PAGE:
# Intuition behind Hölder space

What's the point of Hölder spaces (and parabolic Hölder spaces)? I can understand when solving some PDE say $$u_t = au_x + bu_{xx}$$ you may want the solution to lie in $C^{2,1}$ (indexed in space then time) but why do people sometimes want something like $C^{2+\alpha, 1+\alpha}$?

Also being in a Hölder space is stronger than being in the same continuous (non-Hölder) space so this is not very useful for solving PDEs either when you want as big a space as possible to show existence of solutions (I think).

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People don't necessarily want to do that, that's what they can prove resp work with. If $Lu = f$ with continuous $f$ and second order elliptic $L$, then in general $u$ is not in $C^2$. If, however, $f\in C^{0, \alpha}$, then it is often possible to show $u\in C^{2, \alpha}$. Similarly for parabolic equations. It just turns out that these spaces are particularly suited for PD operators, while the $C^k$ spaces are not.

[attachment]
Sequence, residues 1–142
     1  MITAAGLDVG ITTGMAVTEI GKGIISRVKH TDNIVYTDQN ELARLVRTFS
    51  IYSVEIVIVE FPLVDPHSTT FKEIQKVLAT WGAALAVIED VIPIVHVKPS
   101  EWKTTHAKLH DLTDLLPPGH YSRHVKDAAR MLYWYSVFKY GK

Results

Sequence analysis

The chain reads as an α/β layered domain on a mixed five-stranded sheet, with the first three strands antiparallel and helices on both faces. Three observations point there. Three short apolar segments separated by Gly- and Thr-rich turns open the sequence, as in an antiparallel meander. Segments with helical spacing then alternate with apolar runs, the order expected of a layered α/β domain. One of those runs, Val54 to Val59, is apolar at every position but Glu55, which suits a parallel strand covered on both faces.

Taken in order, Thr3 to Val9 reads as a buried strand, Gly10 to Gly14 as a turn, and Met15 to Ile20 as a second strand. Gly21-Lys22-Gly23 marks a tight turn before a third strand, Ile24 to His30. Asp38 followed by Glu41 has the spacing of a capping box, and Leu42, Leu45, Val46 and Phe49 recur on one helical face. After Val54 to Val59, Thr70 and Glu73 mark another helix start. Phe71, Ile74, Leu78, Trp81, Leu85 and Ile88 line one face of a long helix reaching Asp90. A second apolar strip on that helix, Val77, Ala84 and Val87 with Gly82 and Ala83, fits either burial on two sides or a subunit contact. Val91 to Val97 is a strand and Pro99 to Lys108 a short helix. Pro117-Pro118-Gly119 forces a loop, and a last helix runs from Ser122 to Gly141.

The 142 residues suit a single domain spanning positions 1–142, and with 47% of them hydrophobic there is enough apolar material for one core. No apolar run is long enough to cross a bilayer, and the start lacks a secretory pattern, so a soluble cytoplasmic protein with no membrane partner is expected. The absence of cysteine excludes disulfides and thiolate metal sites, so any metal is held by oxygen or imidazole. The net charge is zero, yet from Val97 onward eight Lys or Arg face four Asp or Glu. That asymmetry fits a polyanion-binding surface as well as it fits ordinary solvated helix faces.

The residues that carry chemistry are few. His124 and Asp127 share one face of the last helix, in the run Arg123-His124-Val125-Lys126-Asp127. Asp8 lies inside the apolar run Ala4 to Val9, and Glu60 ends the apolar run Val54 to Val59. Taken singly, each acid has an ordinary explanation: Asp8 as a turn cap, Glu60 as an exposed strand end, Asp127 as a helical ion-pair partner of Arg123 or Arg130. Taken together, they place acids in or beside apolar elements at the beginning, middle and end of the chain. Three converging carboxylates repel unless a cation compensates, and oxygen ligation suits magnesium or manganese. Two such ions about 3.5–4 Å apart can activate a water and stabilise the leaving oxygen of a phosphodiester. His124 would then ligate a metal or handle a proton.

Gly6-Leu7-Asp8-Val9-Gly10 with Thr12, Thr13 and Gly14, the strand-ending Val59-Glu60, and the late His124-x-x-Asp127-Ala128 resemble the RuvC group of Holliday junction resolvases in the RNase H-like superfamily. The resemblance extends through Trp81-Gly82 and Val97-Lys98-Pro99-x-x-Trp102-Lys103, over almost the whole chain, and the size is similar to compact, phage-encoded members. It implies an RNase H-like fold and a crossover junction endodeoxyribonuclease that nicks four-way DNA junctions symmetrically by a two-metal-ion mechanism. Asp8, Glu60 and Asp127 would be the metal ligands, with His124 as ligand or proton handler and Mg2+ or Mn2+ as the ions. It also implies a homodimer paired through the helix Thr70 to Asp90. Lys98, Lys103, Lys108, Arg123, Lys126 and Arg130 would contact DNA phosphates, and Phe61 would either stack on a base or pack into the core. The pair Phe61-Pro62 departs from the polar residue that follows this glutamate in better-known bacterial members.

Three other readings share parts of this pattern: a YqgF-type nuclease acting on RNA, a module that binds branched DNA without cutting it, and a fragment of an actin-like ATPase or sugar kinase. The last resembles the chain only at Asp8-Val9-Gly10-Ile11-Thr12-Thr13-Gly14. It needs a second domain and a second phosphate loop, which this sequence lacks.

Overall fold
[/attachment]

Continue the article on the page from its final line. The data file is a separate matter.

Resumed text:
Edit/added: (on a more technical note, it turns out that the Newton potential of a function $f$, defined by $$N(f)(x):=C(n) \int \frac{f(y)}{|x-y|^{n-2}} dy$$ (with a constant $C(n)$ depending on the dimension) is not a $C^2$ function if $f$ is merely continuous. The Newton potential is the basic building block for the Greens function of the Laplacian. (This is only correct if $n>2$, for $n=2$ a $\log|x-y|$ term replaces the $1/|x-y|^{n-2}$ term). $N(f)$ is, however, in $C^{2,\alpha}$ if $f\in C^{0,\alpha}$. Again, similar observations hold true in the parabolic case. A counterexample for the case $f\in C^0$ is given in exercise 4.9 in Gilbarg and Trudingers 'Elliptic Partial Differential Equations of Second Order').
I have a doubt , is there a relation between $C^2$ and $C^{2,\alpha}$ ie some kind of inclusion or something ? – Theorem Jun 16 '12 at 16:36
Sure, $C^{2,\alpha}\subset C^2$. – user20266 Jun 16 '12 at 16:42